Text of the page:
Katie Clouse Thrives With a Little Help From Her Friends
Team USA
Athlete's Corner

Katie Clouse Thrives With a Little Help From Her Friends

By: Jim Rutberg  January 21, 2022

Clouse is ready to race in front of her friends, family, and the home crowds.

Twenty-year-old Katie Clouse is wise beyond her years, quietly confident in her capabilities and genuinely excited to see her friends and teammates succeed. With 34 National Championship jerseys in her closet, including the 2021 Collegiate and U23 Cyclocross titles, Clouse is heading to the UCI Cyclocross World Championships in Fayetteville, Arkansas to fight for a podium finish in the U23 race.

The opportunity to compete in front of her family and friends in Fayetteville makes Clouse both excited and a bit nervous. “My family has not been able to watch me race in a long time, so that’s super exciting. I always love it when my family can come and watch. It brings me joy to see everyone there, friends and family. Having everyone there and a home crowd brings some nervousness, too, because you want to perform well for yourself and for those people.”

Years of experience at major domestic and international competitions have taught Clouse to stay grounded and focused on what works for her, rather than getting overwhelmed by possibilities.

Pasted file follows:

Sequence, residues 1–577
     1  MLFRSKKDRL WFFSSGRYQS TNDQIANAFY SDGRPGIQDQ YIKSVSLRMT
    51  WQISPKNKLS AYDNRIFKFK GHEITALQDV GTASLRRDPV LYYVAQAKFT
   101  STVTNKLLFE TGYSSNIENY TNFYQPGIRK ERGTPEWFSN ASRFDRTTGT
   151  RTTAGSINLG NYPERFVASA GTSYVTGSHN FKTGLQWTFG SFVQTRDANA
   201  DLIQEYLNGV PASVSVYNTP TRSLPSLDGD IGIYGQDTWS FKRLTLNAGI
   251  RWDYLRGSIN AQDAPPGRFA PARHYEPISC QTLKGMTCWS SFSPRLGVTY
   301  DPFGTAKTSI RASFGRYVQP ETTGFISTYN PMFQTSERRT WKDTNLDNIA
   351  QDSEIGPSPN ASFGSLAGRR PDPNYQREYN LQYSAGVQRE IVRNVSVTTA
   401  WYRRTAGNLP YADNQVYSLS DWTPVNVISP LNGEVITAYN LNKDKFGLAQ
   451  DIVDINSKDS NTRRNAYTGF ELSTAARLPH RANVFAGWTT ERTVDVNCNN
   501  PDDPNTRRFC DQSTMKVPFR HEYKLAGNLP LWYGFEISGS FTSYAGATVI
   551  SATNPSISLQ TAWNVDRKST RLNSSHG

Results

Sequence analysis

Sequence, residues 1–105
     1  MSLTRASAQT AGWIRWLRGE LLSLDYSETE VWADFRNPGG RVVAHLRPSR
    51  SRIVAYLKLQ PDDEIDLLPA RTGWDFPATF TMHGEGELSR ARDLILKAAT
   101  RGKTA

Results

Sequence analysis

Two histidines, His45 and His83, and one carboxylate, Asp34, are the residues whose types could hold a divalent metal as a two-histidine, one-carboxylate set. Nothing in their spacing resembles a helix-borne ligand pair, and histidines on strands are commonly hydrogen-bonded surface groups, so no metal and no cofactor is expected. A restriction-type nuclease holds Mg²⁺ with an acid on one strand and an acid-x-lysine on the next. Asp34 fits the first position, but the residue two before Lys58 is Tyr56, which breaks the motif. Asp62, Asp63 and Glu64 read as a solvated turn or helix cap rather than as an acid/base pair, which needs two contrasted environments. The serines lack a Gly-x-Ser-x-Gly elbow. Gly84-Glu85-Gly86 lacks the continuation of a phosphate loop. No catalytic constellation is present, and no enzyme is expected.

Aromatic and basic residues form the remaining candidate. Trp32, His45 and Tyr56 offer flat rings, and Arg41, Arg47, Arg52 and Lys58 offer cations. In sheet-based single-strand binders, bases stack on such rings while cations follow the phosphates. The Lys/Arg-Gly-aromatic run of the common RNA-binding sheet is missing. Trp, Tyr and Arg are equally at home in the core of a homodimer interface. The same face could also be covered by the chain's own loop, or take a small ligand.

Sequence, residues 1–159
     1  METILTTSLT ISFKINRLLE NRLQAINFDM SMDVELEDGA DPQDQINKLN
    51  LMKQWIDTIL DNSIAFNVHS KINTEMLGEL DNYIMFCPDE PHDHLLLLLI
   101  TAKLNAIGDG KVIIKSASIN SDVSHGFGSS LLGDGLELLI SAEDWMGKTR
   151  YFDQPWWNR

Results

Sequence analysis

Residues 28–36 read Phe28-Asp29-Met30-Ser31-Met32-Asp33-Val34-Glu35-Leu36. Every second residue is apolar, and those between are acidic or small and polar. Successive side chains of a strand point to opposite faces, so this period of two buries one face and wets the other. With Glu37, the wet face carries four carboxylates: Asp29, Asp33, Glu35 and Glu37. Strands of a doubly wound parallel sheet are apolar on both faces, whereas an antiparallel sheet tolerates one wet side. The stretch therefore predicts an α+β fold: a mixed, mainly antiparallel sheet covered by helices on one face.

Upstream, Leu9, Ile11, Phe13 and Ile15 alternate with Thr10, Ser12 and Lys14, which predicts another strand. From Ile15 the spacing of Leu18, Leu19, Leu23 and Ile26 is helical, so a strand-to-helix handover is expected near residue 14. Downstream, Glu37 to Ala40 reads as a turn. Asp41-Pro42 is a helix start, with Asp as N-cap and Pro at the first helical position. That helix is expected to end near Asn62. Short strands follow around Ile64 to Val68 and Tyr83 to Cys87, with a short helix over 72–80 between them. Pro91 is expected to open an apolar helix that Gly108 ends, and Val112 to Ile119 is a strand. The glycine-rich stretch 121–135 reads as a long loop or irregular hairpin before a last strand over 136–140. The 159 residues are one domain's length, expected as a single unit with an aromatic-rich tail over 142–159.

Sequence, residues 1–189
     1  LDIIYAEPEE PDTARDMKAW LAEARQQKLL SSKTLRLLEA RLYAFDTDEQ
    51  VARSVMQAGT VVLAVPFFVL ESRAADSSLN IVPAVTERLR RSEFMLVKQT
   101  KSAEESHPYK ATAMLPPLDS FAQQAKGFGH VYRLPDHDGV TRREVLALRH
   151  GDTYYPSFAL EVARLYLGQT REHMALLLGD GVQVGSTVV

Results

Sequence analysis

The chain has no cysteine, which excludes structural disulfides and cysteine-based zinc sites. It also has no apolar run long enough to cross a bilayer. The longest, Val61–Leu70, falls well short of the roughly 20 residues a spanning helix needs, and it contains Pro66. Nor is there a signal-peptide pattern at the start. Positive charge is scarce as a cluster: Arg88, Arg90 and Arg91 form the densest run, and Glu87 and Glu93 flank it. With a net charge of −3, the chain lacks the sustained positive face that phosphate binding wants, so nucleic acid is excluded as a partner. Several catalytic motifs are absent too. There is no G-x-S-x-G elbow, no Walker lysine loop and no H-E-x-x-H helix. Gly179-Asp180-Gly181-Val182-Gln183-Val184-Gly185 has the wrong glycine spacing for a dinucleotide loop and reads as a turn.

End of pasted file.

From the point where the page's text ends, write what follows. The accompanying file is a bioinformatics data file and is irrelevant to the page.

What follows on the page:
“I’ve learned to trust myself. I know how to race my bike; I’ve been doing this a long time. It’s great to be surrounded by people, but it can be hard when you’re getting advice from every direction. At the end of the day, you’ve prepared for it. You’ve trained for it. So, you have to rely on yourself.”

Confidence and self-reliance are important traits for champion athletes, but Katie is quick to acknowledge the value of a strong support system. “As I’ve grown as a rider and a person, I’ve learned to figure out which people are really supporting me and to take their advice to heart. My whole team has been incredibly helpful. I’ve learned the importance of having great people around me – the mechanics, my teammates, my director – and being able to get advice from those people. I wouldn’t even know my tire pressure from last year if I didn’t have my mechanics around!”

Knowing and trusting in what works best for her played a big role in Clouse’s plans for the final month of training leading in to the 2022 UCI Cyclocross World Championships. A self-described home body, she opted for a shorter block of European races after the U.S. National Championships in December so she could return to Grand Junction, Colorado, for a break and a block of training in a familiar environment.

“I got home about a month before Worlds and took that week easy to get a short break and to recover from Europe. Then I ramped up the endurance work because, with all the racing, there wasn’t a ton of time to get long rides in. So, after an endurance block, I’ll back off the volume but add more intensity and speed work to get the snappiness back.”